I haven't edited this week yet, even though I am four chapters from the end and I kind of need to finish this project in a timely manner. I've started writing a random short story—a retelling of Snow White, of all things, because I've always felt bad about how often she's portrayed as pretty naive and all around stupid—and it's super fun and distracting and I basically love it already.
And guess what? I don't at all feel guilty about this.
Oh, last year I probably would have beat myself up for being so lazy or whatnot, but things have changed for me. While I still have goals that I want to (and will) meet, I also know when I need to step back and have fun with writing again.
I mentioned this on Twitter, and a lot of people asked how I got to this fairly chill state of being, as far as writers go. I'm not sure you'll like my answer.
Basically, I've been on submission for 15 months. Almost 16. Woot. No, in all seriousness, a lot of writers wonder when that nagging pit of angst will go away—if it'll ever go away. Good news! I does go away! ...after like 13 months on submission.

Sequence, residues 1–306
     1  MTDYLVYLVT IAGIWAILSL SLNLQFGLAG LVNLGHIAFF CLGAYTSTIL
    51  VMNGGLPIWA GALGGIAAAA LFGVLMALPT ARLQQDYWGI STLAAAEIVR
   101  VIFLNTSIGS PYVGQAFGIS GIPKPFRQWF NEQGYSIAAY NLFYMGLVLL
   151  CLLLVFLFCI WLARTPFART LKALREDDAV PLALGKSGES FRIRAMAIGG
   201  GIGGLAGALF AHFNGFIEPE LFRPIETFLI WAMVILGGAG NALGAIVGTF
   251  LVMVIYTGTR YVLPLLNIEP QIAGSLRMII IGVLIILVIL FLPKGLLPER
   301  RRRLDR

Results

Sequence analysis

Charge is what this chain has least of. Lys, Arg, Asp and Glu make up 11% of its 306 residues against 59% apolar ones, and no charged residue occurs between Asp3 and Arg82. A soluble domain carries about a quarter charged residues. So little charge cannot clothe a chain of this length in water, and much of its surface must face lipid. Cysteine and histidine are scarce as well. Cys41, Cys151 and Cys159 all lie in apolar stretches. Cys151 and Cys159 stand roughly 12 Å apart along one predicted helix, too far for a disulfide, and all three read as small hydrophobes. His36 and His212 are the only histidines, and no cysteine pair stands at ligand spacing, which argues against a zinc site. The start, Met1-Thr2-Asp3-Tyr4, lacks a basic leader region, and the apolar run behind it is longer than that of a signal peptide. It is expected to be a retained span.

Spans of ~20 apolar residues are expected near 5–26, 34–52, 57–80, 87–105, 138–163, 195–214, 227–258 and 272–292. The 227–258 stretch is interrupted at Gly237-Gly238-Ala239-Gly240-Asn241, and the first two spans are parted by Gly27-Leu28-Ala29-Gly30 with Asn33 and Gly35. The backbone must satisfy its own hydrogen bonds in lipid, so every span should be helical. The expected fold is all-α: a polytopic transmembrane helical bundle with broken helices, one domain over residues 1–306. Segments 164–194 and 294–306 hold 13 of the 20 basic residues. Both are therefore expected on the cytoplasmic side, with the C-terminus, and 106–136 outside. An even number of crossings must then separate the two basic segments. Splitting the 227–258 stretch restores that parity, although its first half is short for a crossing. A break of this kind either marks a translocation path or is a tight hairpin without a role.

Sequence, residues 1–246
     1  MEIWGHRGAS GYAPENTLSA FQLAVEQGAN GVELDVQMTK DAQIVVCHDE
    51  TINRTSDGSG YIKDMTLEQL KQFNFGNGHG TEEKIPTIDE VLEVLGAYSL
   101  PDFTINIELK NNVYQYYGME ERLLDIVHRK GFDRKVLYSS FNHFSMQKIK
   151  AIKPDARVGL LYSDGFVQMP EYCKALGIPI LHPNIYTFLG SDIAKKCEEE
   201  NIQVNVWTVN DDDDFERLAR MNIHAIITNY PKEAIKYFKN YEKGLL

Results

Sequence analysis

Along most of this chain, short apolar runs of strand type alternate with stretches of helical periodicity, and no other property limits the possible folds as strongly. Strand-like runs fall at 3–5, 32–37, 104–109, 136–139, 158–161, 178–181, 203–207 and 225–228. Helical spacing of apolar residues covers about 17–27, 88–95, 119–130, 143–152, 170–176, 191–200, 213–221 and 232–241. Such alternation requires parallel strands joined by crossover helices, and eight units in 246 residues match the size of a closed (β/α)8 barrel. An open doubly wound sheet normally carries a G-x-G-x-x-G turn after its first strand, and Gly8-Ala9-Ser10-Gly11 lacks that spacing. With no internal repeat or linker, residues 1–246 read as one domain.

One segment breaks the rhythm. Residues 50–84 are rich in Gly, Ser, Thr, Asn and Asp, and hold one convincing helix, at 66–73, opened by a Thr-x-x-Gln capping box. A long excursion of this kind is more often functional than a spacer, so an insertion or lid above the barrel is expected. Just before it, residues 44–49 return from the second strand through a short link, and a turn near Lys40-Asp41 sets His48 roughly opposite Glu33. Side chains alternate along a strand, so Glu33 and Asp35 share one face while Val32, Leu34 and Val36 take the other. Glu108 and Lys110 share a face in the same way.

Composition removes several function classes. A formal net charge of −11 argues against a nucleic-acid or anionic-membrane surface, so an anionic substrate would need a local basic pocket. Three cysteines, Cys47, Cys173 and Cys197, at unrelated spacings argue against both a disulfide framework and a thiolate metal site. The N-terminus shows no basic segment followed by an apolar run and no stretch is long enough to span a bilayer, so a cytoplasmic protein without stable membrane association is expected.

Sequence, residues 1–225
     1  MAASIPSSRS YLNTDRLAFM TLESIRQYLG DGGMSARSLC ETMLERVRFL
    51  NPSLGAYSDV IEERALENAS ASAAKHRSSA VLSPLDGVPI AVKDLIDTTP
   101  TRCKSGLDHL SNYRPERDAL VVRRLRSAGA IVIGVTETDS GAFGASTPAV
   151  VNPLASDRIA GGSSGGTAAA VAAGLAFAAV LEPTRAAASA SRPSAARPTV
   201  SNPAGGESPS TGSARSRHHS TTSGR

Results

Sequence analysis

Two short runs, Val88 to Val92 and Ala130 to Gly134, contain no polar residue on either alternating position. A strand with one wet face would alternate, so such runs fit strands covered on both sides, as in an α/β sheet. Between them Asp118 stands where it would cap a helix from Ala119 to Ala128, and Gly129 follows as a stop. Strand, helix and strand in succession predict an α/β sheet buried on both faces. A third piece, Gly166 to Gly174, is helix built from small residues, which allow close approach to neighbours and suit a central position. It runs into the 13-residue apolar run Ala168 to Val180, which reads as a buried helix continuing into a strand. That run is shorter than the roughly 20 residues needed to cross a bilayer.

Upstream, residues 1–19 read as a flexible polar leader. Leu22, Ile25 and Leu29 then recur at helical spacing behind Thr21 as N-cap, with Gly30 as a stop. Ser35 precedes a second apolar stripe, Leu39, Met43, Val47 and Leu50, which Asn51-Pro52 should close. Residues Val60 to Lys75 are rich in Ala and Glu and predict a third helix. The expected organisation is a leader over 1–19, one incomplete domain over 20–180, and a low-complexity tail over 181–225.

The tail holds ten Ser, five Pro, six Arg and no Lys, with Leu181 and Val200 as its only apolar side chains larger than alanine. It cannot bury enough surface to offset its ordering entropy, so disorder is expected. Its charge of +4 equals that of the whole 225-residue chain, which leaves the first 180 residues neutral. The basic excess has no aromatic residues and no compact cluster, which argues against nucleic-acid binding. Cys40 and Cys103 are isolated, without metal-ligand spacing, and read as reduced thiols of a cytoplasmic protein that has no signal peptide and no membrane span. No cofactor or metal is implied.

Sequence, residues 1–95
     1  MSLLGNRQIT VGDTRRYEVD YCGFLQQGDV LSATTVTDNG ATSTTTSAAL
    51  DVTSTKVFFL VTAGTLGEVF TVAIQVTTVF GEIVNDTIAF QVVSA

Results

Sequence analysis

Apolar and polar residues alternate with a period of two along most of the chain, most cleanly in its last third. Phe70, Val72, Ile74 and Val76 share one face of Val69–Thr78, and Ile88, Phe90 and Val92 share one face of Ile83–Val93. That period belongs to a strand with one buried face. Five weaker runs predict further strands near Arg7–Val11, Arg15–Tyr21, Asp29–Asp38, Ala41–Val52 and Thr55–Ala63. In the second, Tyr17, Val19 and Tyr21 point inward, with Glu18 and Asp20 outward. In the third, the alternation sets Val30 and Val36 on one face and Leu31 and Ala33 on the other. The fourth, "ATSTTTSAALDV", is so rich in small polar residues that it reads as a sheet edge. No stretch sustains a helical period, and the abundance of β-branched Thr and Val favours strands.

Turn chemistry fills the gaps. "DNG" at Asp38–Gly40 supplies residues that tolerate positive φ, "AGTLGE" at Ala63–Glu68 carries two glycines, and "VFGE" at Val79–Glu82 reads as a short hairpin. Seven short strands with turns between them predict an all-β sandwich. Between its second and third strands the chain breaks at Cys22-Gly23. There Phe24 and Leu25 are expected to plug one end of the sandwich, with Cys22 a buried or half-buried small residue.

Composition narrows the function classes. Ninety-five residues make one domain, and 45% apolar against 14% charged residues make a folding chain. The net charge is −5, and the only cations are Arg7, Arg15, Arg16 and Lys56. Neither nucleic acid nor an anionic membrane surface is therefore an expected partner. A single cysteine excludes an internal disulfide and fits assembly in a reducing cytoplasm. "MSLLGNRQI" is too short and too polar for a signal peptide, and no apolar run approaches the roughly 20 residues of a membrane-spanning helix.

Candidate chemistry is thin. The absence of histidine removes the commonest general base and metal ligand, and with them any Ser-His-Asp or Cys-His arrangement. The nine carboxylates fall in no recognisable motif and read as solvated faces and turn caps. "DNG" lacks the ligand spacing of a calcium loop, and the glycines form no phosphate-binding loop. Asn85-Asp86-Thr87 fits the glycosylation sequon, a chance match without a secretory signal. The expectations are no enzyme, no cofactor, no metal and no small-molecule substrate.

That first year on sub, it was a constant mental barrage of "Oh my gosh I have to sell the first year or I'll be a total loser and I will never succeed and I'll be one of those lame writers who spends years on sub with no bites." And then I hit the year mark, which was totally devastating and embarrassing. Worst fears realized. All that jazz.
It sucked for like a month, and then...it just stopped sucking. It is what it is, you know?
I'd spent a lot of time worrying about something that, overall, wasn't that big of a deal. My life did not end. I don't entirely suck as a writer. I still had stories to tell. My agent did not dump me. People in the streets didn't point and laugh at me.
Shocking, I know.
After all that, I realized I was taking writing (and life in general) way too seriously. I'd lost the love. Writing had become a thorn in my side, something I considered removing from my life. So I took a long break—I took a few this year, actually—and I realized I had fallen prey to the publishing machine. Oh, I thought I was strong and doing fine, but I wasn't. I let rejections, etc., beat me down and suck out all the love I once had for telling stories.
I didn't want to feel like that anymore, so I went back to the beginning. I started writing for myself again. I decided that I would enjoy it no matter what came of it. I started the Happy Writers Society, mostly to remind myself that I don't have to be a tortured writer. I can be a happy writer at whatever stage I'm in.
And it worked, for the most part. I definitely still have my days, but I am also happier with my writing than I've been in a long time. I know when I start to feel crappy I need to step back and take a few days off. I am determined never to let myself get to that bad place again.